You don’t need to travel to Italy very often to know that there’s a lot of deliciousness to be had there. The trick, though, is that like any other country, Italy has its share of really mediocre restaurants, and as a non-Italian speaker, I’m always challenged to find the restos that hit all the sweet spots for food, decor and service. Icing on the cake is that the other diners in the restaurant aren’t foreign tourists, like me (ahh, the selfish “I’m a tourist who doesn’t want to be with other tourists” paradox).
Carrying out my usual eating-on-vacation due diligence, I consulted friends who’d eaten in Tuscany in the past year, googled recent blog posts, scanned the New York Times, and waded through Chowhound boards and Slow Travel opinions. The latter two resources are great for up-to-the-minute tips, but the obvious downside is that I have a hard time deciding whose opinion to trust.
After all that info-gathering, the “fancy” meal I most anticipated was dinner at Il Canto in Siena. The September 2007 issue of Food and Wine magazine annointed Il Canto’s chef, Paolo Lopriore, one of the “top 5 chefs in Italy.” While rankings like these are suspect and never exclusive, I did some cross-checking on Chowhound and Slow Travel, and all voices agreed that the food at Il Canto would be classic, but with a twist (i.e., weird but not too weird).
Il Canto is part of a pretty Relais & Chateaux property, Hotel Certosa di Maggiano. We had quite an adventure finding it, because it’s on the outskirts of Siena, reached only after driving through winding, high-walled roads. Thank goodness we had cell phones and that the hotel staff were friendly and great at giving directions on the fly.
The upside of Il Canto’s location is that I felt like we were in the countryside, and it was easy to enjoy the romance of the hotel’s open-air courtyard.
The dining room is chandelier-big-flowers-thick-carpet formal, but it’s saved from a high-intimidation factor by the oddly frumpy flowery plates displayed on the sideboard and the crocheted doilies on the chargers. I think Il Canto is what your grandma’s house would like if grandma lived in a medieval Tuscan cloister renovated for modern style circa 1800.
Grissini came out, and they were crispy and olive oil-y, but served in cellophane. Between the cellophane and the doilies, I couldn’t tell what tone the restaurant was trying to strike.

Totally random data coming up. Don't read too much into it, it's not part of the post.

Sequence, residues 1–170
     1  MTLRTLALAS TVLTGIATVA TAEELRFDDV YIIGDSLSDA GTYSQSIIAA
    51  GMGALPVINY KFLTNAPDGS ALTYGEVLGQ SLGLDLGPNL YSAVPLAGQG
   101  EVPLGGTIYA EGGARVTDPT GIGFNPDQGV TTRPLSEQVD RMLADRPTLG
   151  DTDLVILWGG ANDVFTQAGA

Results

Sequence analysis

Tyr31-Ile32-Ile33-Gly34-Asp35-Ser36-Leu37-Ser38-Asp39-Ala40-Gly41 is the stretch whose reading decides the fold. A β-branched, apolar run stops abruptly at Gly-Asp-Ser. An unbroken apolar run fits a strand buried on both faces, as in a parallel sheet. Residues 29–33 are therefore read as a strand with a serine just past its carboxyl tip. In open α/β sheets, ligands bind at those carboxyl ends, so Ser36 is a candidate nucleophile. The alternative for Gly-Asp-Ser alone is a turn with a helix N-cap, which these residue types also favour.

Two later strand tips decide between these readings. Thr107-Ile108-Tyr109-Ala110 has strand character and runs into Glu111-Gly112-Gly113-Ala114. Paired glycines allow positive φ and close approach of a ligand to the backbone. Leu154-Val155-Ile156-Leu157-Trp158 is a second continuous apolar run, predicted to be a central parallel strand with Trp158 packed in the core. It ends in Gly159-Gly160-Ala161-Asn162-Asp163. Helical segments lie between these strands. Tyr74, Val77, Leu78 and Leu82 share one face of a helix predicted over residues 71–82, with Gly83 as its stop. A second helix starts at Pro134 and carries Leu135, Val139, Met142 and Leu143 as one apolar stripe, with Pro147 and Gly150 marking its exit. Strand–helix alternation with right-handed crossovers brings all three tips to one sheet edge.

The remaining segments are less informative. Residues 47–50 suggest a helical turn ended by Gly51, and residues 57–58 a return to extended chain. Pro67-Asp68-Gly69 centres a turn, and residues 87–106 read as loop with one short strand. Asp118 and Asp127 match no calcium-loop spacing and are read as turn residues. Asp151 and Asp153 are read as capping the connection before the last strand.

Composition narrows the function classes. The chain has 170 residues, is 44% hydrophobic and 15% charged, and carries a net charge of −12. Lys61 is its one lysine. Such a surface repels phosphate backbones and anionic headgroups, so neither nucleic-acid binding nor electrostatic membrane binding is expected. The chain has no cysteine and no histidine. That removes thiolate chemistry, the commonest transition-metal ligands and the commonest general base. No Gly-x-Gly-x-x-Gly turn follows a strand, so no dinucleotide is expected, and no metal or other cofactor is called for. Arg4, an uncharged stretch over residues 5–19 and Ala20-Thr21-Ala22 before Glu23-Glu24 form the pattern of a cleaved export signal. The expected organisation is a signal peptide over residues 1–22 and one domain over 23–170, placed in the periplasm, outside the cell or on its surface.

Our group decided against the 100-euro tasting menu (170 euro with wine pairings) because there were too many things on it that sounded unappealing and too many tasty-sounding items on the a la carte menu only.
A la carte, my mussels appetizer was so-so, looking like single-celled organisms (pre-historic times being one of those really gourmet eras, I hear) and tasting like oysters. I’m a fan of ye olde briney oysters, but then why not offer oysters instead of dressed-up mussels?
Jon and Kate both ordered squid starters that were a little bit too “creature of the sea” for me. The squid was fresh and sweet, but it was served in all its tentacled glory in an intensely-green seaweed sauce. Not the most enchanting, appetizing vision.
My gnocchi were shaped like ravioli but tasted pillowy-soft with a dash of lemon zest and a pleasantly surprising crunch of fried cumin. Still, though, why make the gnocchi look like ravioli? Why not just have the gnocchi look like, you know, gnocchi? Much as I mock, this course was the most playful and yummy of the bunch, I think.
Jon had ordered the chef’s famous cacio e pepe rigatoni, and it was clever, but it didn’t seem to change the taste much to have the black pepper-and-cheese flavor locked into a gelee that was piped into individual rigatoni. (Jon is standing over my shoulder right now and insists that I note that only half the rigatoni were filled with gelee. The other half were just empty, plain rigatoni. He was unamused).
My pigeon secondi was a total winner. Rich and meaty, like the best liver and duck you’ve ever had, combined. The dish’s bittersweet rhubarb compote balanced out the pigeon’s meatiness. (How disturbing is it that I am a big fan of eating pigeon, our friendly rats of the sky)?
Unbelievably, I still had room for dessert, and my puff pastry with coffee ice cream was totally not worth 16 euros. It tasted of lemon zest. I’d prefer that it taste of sweet cream.
The amuse-bouches were tons of fun – the strongest part of the meal, really – especially a heavy-duty amoretto foam and pumpkin tempura on a skewer. The straw and the skewer were playful touches, and the sweet, nutty amoretto fumes lightened up the hot, fried goodness of the pumpkin. It was tasty, creative. In short, it worked.
The amuses at the beginning of our meal were fun, too. Eggplant with parmesan; sardines with pecorino; apples and pecorino; tuna and “steamed bun” with mayo. Dehydrated vegetables on a lollipop stick were also surprisingly delish and entertaining, the highlight being the red onion pops.
Continuing the trend of strong fun bits, the petits fours were a riot of colors and childhood memories. Lots more candies and cookies on skewers, basically. I was both especially freaked out and drawn to the chocolate-covered strawberry that had been sliced through and put on a stick so that the strawberry cross section looked to me like a giant red eye peeking out from a hood of chocolate. Its gruesome appearance makes it the ultimate Halloween snack, and it even tasted good.
Antipasti, primi, secondi and cheese, desserts, coffees and wines totaled just over 110 euros a person. The company was unbeatable, but I don’t think I’d go back. The food had its moments of genius and delight in the amuses and petits fours, but not enough to pay $150 a person for.
For your one-Michelin star choice in the area, perhaps stick with Gallopappa, which Kate and Ray raved about for days afterward!